Nation and many others. They may sound terrible, but these films and books were better than you
might think. The novels were sometimes interesting because they frequently parodied the style of the
classics they were emulating.

The film was warmly received at the 2023 Venice International Film Festival where it received a Golden
Lion nomination, and it also won an award at the same festival for best screenplay. El Conte was
released on September 15, 2023, four days after the 50th anniversary of the coup díťtat that brought
Pinochet to power in 1973.

El Conde is an atmospheric and oddly compelling film that uses a real historical figure as the center of a
fictional supernatural narrative. The basic premise is that Chilean dictator, Augusto Pinochet is an
immortal vampire who has been around for hundreds of years creating terror through the ages. In the
film he is shown being present at important historical events such as the French Revolution and the
Reign of Terror

The approach taken to create historically grounded horror reminded me a bit of the vampire Lestat
novels and Interview with a Vampire film by Neil Jordan or the flashbacks in the Angel TV series which
also often took place in the same time periods.

For those who arenít history buffs Pioche was a terrible US backed dictator who deposed the
democratically elected Salvador Allende. He was known for his wanton brutality and the high body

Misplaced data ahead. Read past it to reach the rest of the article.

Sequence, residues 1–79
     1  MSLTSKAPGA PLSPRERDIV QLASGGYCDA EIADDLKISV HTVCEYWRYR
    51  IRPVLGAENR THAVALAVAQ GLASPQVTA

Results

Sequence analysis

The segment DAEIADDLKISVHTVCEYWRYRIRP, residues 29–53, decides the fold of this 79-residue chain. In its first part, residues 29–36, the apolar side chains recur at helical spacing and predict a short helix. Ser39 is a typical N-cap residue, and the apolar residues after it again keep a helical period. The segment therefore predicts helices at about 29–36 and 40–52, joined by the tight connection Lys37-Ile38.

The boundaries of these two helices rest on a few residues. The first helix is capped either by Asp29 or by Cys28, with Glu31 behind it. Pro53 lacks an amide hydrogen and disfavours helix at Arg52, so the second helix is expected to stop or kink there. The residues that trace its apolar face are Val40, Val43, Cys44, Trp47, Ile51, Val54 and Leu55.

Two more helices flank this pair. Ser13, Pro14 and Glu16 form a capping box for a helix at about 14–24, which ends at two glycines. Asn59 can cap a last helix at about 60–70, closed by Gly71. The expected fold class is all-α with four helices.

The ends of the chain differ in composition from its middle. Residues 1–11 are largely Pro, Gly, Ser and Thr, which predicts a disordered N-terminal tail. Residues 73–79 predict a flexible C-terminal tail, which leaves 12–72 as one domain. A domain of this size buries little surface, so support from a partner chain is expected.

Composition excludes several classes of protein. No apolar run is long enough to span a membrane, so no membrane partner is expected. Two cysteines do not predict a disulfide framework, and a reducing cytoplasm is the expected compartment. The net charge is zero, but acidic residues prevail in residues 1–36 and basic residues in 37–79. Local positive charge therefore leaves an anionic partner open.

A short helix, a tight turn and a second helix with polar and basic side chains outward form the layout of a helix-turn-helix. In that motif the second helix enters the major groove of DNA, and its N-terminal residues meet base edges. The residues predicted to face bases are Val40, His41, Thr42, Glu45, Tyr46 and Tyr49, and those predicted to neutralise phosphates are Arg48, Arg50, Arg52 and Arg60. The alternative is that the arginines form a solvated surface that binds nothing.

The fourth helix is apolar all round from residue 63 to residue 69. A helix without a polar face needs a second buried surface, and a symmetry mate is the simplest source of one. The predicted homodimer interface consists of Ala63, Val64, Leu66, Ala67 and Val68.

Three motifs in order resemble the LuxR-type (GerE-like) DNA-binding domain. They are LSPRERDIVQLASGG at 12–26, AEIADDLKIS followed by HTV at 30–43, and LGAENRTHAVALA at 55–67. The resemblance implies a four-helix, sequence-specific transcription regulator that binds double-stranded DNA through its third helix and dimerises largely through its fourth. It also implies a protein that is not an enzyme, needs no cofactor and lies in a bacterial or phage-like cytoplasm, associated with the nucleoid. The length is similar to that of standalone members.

count during his reign. Over 3000 people were killed in his country in his country and his savagery
rivaled that of Vlad Tepes. There are scenes in the film that recreate the real-life scenes of dozens of
bodies of his victims he had killed being thrown into deep pits.

The film uses the horror format as a means of social commentary from a leftist standpoint and it
repeatedly draws parallels between vampires that kill the poor for blood with the right-wing politicians
that brutalizes the working class particularly the torture loving graduates of the US run School of
Americas. The film implies that real life dictators and politicians might be worse than fictional vampires.

The film is narrated by a familiar and sinister voice (hint she is a vampire version of a well-known female
right-wing politician) who fills us in Pinochleís back story. But when we move to the present-day
Pinochet who has faked his death many times, He has become bored with life and wants to permanently